Earnings of Muslim-owned restaurants down 90% since Easter

– All restaurants in Colombo lose Rs. 1 billion

Restaurants in Colombo and its suburbs have suffered a loss of over Rs. 1 billion since the Easter attacks, with Muslim-owned establishments hardest hit, former Chairman of the Restaurant Owners Association of Sri Lanka (ROASL) Asela Sampath told The Sunday Morning Business.

“The Muslim shops, in particular, have been affected and their earnings have dropped by 90%,” Sampath said.

Sampath stated that the earnings of restaurants under the ROASL have dropped by 60% following these incidents and it would take a minimum of two to three months to recover. However, he added that if the Government implements prompt and timely measures there was a possibility of early recovery.

He added that by the time curfew was announced on 21 April, restaurants had already prepared dinner – usually their peak time – but were unable to make any sales, causing a huge loss to restaurant owners.

As a result of a drastic drop in earnings, canteens and restaurants find it difficult to service their monthly rentals. According to Sampath, ROASL had requested the Ministry of Health, Nutrition, and Indigenous Medicine to provide concessions to the restaurants, particularly for the canteens at the hospitals.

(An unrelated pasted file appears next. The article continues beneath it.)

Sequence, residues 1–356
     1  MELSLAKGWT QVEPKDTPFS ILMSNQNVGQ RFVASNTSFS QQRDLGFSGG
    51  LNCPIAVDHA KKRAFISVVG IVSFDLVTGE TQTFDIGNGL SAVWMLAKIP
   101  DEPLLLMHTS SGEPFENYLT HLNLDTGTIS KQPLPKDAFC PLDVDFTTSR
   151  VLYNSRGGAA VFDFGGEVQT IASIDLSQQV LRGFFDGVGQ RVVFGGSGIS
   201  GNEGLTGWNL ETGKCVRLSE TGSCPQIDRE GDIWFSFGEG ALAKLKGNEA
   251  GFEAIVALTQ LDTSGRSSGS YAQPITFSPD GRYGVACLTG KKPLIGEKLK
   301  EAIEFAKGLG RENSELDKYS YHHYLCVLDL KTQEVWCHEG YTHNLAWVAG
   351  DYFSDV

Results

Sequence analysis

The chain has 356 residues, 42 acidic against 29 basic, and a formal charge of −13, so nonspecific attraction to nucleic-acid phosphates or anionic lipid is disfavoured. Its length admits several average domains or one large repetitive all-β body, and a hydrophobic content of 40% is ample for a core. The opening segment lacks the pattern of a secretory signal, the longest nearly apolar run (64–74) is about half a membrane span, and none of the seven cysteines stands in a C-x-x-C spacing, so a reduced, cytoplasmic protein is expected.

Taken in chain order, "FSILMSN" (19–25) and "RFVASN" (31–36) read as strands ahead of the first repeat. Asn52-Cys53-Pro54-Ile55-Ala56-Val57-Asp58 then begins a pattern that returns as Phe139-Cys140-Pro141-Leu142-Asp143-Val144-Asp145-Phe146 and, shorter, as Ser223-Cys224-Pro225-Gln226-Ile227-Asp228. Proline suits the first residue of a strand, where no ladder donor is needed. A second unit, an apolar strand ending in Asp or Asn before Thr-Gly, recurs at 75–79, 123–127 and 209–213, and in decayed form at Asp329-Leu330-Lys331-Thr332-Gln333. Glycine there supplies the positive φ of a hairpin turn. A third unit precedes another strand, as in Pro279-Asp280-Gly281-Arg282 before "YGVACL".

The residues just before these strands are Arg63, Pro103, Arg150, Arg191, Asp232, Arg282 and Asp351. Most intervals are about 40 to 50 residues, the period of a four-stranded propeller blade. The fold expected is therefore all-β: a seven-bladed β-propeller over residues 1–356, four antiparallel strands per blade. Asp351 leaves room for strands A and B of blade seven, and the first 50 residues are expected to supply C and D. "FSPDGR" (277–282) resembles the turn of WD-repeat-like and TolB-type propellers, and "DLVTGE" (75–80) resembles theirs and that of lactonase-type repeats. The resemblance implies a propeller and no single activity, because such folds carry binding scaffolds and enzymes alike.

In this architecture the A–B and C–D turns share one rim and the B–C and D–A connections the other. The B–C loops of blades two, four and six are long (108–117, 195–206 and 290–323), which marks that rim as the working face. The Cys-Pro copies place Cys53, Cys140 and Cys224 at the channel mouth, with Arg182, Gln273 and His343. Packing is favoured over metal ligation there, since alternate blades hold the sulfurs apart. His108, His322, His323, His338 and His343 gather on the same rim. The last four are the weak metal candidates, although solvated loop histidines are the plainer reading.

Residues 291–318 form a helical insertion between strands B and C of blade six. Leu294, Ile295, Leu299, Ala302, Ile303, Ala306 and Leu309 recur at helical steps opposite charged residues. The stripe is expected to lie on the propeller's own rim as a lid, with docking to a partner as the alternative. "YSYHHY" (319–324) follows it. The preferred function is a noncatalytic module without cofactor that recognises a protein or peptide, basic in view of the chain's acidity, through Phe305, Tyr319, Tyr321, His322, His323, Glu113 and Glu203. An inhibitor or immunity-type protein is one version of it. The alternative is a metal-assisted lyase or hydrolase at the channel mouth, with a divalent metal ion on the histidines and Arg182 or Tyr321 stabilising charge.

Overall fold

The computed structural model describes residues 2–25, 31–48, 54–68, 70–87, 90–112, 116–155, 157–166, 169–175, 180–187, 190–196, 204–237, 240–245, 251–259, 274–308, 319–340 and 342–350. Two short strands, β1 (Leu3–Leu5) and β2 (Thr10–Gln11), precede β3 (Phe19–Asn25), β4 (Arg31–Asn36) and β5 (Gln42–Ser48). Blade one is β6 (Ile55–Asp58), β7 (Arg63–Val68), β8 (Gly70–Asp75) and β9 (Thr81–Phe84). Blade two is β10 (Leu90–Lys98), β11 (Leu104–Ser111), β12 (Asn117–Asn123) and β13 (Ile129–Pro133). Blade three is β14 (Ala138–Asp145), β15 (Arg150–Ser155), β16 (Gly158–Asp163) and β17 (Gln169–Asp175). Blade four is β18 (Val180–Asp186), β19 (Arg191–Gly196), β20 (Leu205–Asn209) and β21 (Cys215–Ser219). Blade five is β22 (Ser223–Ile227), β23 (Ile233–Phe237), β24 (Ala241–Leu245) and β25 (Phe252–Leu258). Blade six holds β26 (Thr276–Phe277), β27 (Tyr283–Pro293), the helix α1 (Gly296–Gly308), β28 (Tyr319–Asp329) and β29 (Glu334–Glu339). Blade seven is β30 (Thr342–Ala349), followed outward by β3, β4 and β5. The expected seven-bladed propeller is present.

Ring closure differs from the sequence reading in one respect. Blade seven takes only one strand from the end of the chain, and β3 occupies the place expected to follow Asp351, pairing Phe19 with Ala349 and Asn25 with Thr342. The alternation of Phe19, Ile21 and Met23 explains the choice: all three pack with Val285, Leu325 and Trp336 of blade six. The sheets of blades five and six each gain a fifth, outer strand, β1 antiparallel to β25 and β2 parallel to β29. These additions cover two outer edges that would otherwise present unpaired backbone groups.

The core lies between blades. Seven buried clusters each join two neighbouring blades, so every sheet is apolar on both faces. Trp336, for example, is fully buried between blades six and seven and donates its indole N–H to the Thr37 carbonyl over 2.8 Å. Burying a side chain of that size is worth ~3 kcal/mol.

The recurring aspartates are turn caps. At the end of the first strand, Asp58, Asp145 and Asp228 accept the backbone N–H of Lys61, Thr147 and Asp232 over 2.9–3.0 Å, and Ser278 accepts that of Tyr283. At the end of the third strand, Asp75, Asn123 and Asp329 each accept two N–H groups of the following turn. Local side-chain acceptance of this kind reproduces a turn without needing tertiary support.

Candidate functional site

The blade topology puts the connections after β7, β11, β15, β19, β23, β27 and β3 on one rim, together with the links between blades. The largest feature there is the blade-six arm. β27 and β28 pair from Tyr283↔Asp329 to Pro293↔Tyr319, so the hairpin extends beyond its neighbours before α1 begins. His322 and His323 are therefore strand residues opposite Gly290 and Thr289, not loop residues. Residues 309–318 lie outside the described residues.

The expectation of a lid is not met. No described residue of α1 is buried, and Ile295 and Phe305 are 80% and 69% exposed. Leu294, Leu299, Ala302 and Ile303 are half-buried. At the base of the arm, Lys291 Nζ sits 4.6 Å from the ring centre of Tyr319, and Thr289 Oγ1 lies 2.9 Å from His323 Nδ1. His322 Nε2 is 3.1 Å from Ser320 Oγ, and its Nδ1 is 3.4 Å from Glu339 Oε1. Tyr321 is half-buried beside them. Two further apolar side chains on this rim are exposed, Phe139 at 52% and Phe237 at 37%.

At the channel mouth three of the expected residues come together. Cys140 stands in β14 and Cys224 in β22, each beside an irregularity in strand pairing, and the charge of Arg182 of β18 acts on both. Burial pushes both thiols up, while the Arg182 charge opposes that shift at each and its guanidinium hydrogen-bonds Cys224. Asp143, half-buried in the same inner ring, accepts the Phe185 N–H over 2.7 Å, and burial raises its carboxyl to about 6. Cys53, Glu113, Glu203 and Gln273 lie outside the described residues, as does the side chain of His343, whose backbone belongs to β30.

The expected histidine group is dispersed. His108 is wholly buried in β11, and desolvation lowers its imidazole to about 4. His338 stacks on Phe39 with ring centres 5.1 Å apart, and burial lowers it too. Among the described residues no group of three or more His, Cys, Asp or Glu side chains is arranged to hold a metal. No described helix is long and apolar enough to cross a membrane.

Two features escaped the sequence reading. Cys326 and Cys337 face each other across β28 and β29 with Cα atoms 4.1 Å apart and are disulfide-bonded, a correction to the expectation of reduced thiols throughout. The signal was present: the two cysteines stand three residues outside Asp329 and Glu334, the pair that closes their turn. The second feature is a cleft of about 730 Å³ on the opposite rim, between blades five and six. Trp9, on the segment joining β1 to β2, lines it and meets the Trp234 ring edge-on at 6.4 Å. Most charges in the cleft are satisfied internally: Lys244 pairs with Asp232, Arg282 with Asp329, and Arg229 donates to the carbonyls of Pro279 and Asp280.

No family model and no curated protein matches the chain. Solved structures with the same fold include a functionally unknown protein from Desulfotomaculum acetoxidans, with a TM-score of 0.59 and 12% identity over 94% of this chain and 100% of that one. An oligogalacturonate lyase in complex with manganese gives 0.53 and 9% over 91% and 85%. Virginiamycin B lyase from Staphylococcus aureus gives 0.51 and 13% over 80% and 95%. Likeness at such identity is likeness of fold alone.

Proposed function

Meanwhile, we spoke to Sri Lanka Retailers’ Association (SLRA) Chairman Hussain Sadique, who stated the industry was severely hit by the tragedy but was now in the process of recovering to its normal level.

“The loss is visible. People have not come and shopped, but it is now recovering. It is an unexpected improvement. The recovery is better than we expected.”

He added that the week following the Easter attacks was very dull for almost every industry including retail and a considerable loss was incurred during this period. However, he did not quantify the loss incurred by the retailers due to lack of data available at this point.

Sadique said that these attacks would have a short-term impact in retail sales but would not hinder the overall retail performance of 2019. However, he added that SLRA would take every possible measure to improve Sri Lanka’s retail industry.

SLRA, which operates under the Ceylon Chamber of Commerce, represents the nine sectors of FMCG (Fast-Moving Consumer Goods) – clothing, fashion and jewellery, shelter and housing, household and consumer durables, footwear and accessories, e-commerce, mobility, entertainment, and healthcare and wellness.